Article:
School & District Management

Making the Case for a Focus on Early Learning for ELLs

By Mary Ann Zehr — January 13, 2011 1 min read
  • Save to favorites
  • Print

Forty percent of English-language learners are between the ages of 3 and 8, and an achievement gap already exists between ELLs and native speakers of English upon entering kindergarten, so educators should focus more on the early learning of ELLs, argues an “action brief” from the Foundation for Child Development.

The New York-based Foundation for Child Development is a private philanthropy that aims to improve the well-being of disadvantaged children.

The brief argues that the nation needs to greatly improve education for ELLs in prekindergarten through 3rd grade, noting that such an approach would “reach the largest subset of English-learners.” It says that ELLs should have high-quality programs starting at age 3 that are part of an aligned American education system.

The brief spells out a number of challenges for boosting achievement of ELLs in the country, such as a shortage of teachers prepared to instruct such students and a lack of monitoring for such students after they are no longer ELLs (it says they should be monitored through grade 12).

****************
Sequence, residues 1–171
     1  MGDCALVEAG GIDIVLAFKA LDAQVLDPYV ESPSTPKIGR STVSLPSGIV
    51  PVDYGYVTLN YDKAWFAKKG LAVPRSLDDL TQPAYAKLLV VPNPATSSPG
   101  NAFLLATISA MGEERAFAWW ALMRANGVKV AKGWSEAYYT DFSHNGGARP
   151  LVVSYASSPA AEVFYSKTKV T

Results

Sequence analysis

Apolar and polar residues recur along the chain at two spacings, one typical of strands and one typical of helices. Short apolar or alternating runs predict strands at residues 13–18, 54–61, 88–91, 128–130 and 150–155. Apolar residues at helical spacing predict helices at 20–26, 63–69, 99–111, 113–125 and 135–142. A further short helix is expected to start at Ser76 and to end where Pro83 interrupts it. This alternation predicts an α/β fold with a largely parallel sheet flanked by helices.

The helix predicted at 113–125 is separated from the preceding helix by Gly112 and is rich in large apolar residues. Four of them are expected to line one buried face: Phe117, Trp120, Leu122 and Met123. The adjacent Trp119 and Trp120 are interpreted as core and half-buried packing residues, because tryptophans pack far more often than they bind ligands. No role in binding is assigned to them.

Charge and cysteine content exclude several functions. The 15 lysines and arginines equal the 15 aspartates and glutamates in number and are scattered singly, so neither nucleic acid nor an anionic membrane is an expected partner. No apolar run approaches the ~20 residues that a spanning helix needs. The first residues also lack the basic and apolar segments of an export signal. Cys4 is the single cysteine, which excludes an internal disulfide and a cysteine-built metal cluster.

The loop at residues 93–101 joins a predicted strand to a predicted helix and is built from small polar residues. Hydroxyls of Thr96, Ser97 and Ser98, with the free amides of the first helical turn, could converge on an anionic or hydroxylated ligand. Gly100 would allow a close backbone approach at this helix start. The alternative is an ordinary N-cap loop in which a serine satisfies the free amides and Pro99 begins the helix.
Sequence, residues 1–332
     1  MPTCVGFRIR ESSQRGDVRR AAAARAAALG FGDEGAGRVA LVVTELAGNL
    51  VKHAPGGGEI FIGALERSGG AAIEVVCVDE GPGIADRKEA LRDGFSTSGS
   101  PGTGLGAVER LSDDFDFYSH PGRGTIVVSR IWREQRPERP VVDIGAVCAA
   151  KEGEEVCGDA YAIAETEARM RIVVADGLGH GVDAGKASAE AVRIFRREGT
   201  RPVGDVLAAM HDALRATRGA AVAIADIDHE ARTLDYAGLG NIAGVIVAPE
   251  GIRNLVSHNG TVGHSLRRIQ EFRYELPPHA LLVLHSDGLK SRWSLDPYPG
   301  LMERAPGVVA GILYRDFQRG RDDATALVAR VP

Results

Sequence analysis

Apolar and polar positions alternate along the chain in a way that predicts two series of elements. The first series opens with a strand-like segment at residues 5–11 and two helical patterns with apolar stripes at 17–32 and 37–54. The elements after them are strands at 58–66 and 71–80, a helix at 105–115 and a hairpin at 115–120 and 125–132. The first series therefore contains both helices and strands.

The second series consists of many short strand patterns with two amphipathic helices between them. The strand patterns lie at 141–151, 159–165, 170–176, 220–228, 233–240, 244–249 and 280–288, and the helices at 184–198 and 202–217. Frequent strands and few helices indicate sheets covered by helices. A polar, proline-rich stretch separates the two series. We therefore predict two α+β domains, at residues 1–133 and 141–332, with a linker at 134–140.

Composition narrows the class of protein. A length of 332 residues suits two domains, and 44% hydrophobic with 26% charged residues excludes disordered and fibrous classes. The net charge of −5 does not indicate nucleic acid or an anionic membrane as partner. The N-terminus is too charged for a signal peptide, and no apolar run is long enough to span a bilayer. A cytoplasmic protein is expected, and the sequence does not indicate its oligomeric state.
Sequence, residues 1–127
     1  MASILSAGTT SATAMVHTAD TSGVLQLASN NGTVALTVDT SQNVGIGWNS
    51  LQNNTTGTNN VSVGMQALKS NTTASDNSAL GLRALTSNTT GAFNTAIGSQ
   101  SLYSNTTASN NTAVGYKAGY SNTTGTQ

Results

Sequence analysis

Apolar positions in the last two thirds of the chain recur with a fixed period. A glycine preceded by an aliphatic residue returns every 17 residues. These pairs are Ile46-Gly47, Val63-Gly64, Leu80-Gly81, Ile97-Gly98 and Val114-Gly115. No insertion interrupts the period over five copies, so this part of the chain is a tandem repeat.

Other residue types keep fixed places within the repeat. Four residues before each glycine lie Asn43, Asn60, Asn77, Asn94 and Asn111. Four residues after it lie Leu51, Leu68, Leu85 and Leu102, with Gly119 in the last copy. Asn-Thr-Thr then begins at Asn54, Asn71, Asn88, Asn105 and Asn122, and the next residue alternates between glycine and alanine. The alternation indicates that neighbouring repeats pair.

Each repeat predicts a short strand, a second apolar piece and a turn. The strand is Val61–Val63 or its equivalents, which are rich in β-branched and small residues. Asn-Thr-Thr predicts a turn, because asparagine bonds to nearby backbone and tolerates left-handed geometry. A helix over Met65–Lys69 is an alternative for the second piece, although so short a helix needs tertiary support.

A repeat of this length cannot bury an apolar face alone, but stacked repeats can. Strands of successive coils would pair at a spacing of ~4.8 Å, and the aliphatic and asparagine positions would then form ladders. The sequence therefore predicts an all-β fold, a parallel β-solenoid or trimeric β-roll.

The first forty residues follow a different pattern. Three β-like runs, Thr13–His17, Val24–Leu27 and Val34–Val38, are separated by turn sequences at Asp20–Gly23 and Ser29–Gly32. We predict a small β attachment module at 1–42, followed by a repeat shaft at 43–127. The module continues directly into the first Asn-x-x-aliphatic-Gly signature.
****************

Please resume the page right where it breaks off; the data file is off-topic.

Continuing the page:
Interesting, the brief also contends that a lack of consistency between states in their achievement standards for such students and their criteria for when students should stop receiving special services to learn English undermines accountability under the No Child Left Behind Act.

It seems, then, that the Foundation for Child Development would support the federal government’s recent push for more uniformity among states in the definitions used for ELLs and the criteria for them to stop receiving special language services.

As I reported in an article for Education Week published this week, the U.S. Department of Education has announced it plans to pay for new English-language-proficiency tests aligned with the common-core academic standards. The proposal says that any consortium of states applying for the grants would be required to have at least 15 states as members. All of those states would have to have agreed on a common definition for ELLs and common criteria for students to move out of that category.

If you are opposed to how federal officials are pushing for more consistency between states on ELL issues, I suggest that you let them know as part of the comment process for the proposed grant priorities. If you think more uniformity is a good idea, let them know that as well. The deadline for comment is Feb. 7.

Related Tags:

A version of this news article first appeared in the Learning the Language blog.